The Sierra Front Interagency Dispatch Center is no longer a 24-hour operation.
Janice Meyer, of the Nevada Division of Forestry, said the center has transferred some of its dispatch duties to Reno-Washoe County dispatch center - particularly those dealing with medical emergencies and other issues.
"Sierra Front will just handle wildland fires," she said.
She said Reno will handle dispatch duties for NDF as well as its own fire crews in the Bowers Mansion, Galena Creek and Verdi areas as well as Cold Springs and Peavine north of Reno.
"Reno has just grown so much, some little pockets NDF has been providing service for are now surrounded by Reno jurisdiction."
She said the change should actually speed crews on their way during an emergency because when a call comes in to Reno, it will cut out the extra step of notifying Sierra Front to actually dispatch the fire crew. Reno dispatch will send the crew whether it's a Reno, Sparks or Truckee Meadows fire truck or an NDF truck.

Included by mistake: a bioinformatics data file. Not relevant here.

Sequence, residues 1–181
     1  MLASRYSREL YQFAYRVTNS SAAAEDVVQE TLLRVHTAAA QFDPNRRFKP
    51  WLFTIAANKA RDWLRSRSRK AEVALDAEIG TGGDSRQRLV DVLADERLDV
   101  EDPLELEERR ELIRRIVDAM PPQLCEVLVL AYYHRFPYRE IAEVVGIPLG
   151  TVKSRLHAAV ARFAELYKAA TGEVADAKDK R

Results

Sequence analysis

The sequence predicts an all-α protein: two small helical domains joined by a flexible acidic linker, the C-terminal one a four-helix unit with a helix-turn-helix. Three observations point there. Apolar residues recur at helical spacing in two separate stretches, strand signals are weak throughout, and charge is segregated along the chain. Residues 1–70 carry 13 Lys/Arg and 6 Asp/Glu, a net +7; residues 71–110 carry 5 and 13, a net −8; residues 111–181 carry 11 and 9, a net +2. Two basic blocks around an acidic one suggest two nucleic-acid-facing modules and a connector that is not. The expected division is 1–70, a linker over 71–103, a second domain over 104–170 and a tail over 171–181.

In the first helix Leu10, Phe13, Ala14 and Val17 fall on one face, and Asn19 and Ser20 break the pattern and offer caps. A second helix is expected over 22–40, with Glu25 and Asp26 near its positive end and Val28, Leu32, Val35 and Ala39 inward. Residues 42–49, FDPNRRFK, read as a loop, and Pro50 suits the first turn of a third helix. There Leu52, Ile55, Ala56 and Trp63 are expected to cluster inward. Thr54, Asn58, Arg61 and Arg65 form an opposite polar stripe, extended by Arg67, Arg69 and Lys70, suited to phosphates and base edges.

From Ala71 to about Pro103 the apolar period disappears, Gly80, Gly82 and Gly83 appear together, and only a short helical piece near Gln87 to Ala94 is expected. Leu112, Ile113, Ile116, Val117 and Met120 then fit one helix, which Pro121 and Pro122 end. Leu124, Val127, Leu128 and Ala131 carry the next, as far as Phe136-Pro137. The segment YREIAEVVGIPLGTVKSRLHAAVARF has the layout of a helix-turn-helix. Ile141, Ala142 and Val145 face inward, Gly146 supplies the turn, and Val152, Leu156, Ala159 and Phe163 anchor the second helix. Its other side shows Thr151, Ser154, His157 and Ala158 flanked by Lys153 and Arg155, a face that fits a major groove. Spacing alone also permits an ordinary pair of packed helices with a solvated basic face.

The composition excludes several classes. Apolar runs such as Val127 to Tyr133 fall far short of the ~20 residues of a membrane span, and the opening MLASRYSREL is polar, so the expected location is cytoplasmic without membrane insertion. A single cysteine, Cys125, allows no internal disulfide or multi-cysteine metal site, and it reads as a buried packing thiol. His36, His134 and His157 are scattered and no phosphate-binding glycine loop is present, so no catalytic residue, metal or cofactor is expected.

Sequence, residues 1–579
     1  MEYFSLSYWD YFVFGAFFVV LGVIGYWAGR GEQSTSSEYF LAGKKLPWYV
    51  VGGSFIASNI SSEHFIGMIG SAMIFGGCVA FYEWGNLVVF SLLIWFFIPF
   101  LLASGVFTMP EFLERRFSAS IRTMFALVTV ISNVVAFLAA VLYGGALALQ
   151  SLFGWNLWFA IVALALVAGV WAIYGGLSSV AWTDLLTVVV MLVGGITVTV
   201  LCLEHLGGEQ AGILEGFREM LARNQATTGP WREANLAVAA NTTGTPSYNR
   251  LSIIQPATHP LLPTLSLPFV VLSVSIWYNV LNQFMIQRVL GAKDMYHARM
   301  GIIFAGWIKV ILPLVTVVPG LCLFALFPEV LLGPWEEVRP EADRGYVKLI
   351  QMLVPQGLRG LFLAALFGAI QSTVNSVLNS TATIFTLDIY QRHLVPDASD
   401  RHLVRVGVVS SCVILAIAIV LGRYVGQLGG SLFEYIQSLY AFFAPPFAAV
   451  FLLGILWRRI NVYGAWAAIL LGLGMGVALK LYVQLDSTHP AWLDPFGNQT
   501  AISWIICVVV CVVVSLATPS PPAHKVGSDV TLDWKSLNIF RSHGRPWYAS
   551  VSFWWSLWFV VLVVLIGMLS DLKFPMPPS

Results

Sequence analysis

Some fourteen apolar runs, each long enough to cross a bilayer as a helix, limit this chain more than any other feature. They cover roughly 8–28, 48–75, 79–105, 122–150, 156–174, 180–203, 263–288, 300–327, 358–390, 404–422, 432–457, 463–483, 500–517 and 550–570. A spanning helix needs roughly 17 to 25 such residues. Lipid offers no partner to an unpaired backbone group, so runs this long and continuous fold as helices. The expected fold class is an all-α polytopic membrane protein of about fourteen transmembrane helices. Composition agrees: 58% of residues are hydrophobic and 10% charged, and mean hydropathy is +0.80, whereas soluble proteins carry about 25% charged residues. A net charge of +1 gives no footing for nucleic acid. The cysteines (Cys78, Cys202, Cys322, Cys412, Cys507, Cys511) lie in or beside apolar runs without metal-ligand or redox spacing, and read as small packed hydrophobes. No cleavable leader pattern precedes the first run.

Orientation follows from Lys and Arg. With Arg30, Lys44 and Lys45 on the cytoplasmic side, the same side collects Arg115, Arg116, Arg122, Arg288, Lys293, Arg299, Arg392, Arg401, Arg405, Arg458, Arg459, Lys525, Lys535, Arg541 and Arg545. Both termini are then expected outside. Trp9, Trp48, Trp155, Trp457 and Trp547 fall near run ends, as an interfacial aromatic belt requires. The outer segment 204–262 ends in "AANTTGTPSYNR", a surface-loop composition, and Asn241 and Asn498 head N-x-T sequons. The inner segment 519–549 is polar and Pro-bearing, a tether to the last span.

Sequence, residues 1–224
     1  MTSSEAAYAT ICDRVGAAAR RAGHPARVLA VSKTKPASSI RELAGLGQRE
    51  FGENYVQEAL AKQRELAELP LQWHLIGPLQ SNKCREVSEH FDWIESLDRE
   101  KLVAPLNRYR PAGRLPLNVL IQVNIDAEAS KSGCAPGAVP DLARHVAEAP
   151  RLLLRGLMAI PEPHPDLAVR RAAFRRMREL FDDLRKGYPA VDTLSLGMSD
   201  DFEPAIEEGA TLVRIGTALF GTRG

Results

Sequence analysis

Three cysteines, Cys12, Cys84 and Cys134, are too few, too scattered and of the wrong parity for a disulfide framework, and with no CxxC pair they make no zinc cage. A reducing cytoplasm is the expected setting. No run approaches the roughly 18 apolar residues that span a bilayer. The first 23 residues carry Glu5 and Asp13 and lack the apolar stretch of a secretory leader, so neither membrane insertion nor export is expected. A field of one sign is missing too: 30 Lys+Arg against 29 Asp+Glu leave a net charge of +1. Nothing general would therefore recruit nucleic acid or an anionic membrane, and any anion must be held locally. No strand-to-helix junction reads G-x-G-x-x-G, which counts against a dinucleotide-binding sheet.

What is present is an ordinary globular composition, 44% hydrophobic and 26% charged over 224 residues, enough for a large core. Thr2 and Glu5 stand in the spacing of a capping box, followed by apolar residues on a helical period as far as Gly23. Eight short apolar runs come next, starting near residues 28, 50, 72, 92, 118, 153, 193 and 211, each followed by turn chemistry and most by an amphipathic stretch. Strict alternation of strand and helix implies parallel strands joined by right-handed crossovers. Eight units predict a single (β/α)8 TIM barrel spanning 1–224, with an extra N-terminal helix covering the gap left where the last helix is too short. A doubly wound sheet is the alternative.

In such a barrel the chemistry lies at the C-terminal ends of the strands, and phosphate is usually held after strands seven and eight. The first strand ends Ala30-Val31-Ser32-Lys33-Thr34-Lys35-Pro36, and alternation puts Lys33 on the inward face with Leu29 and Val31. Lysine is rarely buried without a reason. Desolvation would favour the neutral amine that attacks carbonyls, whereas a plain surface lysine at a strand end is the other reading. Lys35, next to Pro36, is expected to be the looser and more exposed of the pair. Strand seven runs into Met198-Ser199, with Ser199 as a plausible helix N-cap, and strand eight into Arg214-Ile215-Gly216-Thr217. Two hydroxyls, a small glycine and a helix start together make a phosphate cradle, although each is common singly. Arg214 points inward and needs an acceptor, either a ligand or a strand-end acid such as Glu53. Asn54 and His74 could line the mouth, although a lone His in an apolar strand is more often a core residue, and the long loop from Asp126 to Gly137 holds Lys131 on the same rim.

"It just makes a difference of a couple of minutes, but sometimes, a couple of minutes is critical," she said.
The change, Meyer said, enables the Minden dispatch center to shut down at 6 p.m. and open at 7 a.m.
She said Sierra Front will still have people on call at night and county officials have a cell phone number they can call in case of emergency.
"It's real common for wildland dispatch centers to shut down at night, particularly in the off season," she said.
During the summer fire season, she said, hours at the center will probably be extended.
"If we have a busy fire season, we may make the decision to have people here 24/seven," she said.
Sierra Front will still handle dispatch duties for wildland fires for the Bureau of Land Management, Bureau of Indian Affairs, U.S. Forest Service and NDF for more than 11 million acres of rural Nevada.
n Contact reporter Geoff Dornan at email@example.com or 687-8750.